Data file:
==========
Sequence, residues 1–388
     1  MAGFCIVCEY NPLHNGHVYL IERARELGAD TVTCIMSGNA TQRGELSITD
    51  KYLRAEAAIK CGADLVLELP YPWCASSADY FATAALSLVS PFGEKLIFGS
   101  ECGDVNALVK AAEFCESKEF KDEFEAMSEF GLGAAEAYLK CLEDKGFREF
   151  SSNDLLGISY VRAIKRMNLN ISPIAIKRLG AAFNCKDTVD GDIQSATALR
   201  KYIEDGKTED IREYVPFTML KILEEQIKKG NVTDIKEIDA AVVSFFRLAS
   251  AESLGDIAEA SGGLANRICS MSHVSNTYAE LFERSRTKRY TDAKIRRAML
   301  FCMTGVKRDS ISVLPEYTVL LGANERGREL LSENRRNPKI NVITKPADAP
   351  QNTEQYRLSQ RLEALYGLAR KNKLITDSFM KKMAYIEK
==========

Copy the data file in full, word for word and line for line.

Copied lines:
Sequence, residues 1–388
     1  MAGFCIVCEY NPLHNGHVYL IERARELGAD TVTCIMSGNA TQRGELSITD
    51  KYLRAEAAIK CGADLVLELP YPWCASSADY FATAALSLVS PFGEKLIFGS
   101  ECGDVNALVK AAEFCESKEF KDEFEAMSEF GLGAAEAYLK CLEDKGFREF
   151  SSNDLLGISY VRAIKRMNLN ISPIAIKRLG AAFNCKDTVD GDIQSATALR
   201  KYIEDGKTED IREYVPFTML KILEEQIKKG NVTDIKEIDA AVVSFFRLAS
   251  AESLGDIAEA SGGLANRICS MSHVSNTYAE LFERSRTKRY TDAKIRRAML
   301  FCMTGVKRDS ISVLPEYTVL LGANERGREL LSENRRNPKI NVITKPADAP
   351  QNTEQYRLSQ RLEALYGLAR KNKLITDSFM KKMAYIEK